Q:

What is the difference between vertebrates and invertebrates?

A:

The primary difference between vertebrates and invertebrates is the presence of a backbone or spinal column, which vertebrates have and invertebrates do not. Examples of vertebrates are humans, dogs, cats and birds. Examples of invertebrates are flatworms, mollusks, sea urchins and insects.

Vertebrates have a well-developed internal skeleton, an outer covering of protective cellular skin, an advanced nervous system and a highly developed brain. On the other hand, invertebrates are heterotrophic and multicellular, have no cell walls and have no backbone. The characteristics that differentiate vertebrates from their counterparts are their backbones, vertebrae and notochords.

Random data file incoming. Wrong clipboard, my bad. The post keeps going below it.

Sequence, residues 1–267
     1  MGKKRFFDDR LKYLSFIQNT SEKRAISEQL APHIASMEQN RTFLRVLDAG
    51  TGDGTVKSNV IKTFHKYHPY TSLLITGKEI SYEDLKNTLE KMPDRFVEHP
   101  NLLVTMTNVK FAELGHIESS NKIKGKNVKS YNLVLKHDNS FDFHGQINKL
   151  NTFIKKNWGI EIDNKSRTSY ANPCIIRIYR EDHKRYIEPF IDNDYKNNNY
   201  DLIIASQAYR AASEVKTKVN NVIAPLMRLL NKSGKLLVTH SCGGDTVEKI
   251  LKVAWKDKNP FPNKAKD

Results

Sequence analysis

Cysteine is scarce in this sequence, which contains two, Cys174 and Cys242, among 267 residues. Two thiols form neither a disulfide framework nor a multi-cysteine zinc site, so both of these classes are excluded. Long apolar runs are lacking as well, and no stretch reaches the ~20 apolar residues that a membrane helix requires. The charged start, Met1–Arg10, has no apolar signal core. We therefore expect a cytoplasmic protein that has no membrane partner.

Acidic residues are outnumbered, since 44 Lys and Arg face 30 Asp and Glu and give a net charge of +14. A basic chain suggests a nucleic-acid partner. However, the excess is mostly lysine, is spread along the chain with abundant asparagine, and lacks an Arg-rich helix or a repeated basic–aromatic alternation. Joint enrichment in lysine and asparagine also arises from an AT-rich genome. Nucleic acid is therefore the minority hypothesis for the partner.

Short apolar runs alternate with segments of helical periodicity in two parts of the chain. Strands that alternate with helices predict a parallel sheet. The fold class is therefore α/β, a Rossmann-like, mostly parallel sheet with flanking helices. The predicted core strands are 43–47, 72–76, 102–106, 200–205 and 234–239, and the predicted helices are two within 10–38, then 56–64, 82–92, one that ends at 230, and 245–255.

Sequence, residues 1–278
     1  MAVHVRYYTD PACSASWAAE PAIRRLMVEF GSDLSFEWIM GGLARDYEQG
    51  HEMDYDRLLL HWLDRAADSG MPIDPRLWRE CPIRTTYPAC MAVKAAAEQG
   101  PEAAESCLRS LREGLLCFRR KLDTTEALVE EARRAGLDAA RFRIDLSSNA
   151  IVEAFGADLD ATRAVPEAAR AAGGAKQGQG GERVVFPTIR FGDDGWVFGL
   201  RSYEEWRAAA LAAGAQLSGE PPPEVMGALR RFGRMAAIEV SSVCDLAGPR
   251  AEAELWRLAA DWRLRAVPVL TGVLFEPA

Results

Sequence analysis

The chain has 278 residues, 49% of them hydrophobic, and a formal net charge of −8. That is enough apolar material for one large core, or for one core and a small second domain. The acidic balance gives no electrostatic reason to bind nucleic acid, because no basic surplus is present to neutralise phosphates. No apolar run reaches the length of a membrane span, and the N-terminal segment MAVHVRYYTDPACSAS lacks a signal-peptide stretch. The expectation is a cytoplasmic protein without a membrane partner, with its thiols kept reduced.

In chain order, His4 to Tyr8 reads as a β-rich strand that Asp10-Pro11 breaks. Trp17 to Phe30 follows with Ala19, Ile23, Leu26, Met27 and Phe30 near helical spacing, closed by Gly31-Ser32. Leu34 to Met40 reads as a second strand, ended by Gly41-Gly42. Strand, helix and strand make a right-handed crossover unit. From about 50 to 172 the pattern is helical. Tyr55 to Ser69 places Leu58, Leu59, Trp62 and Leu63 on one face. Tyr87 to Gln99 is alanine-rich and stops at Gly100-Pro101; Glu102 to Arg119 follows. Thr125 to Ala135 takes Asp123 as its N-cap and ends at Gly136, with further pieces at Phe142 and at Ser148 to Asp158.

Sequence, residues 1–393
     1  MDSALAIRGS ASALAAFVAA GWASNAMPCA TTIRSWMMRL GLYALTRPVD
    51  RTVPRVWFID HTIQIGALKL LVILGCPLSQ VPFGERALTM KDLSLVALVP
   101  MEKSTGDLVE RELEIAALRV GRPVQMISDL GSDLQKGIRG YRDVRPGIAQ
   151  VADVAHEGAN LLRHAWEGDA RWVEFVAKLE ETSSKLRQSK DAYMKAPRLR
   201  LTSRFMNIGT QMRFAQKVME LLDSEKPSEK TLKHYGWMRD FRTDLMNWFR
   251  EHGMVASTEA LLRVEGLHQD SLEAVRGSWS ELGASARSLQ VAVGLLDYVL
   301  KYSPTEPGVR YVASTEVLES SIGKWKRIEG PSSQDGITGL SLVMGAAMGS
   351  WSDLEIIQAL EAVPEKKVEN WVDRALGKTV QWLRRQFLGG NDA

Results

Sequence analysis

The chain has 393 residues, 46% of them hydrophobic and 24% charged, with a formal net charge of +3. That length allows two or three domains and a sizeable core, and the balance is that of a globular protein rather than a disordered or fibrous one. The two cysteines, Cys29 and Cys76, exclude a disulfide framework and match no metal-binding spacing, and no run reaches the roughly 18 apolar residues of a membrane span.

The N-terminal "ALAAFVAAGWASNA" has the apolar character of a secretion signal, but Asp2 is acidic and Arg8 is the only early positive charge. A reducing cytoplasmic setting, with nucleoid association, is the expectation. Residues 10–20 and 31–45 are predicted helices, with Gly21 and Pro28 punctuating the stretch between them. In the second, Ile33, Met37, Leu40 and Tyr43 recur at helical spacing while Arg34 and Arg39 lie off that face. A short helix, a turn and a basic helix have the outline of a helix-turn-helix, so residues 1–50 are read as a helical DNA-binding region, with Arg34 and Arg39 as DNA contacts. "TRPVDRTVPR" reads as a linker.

Vertebrates are typically large in size because they have a versatile support system that enables them to develop more quickly. Invertebrates are mostly small and slow in movement. They do not have effective ways to support a big physique or the muscles needed to power a large body. Vertebrates are classified into five different groups: mammals, amphibians, fish, birds and reptiles. Invertebrates are classified into 30 phyla.

Only two percent of animal species are vertebrates, and the remaining 98 percent are invertebrates. Both live in a vast array of habitats, but vertebrates are more capable of adapting to all habitats, including land, air and sea. Vertebrates have a well-developed nervous system that enables them to react swiftly to environmental changes, but invertebrates have simple nervous systems that allows them to behave by instinct.


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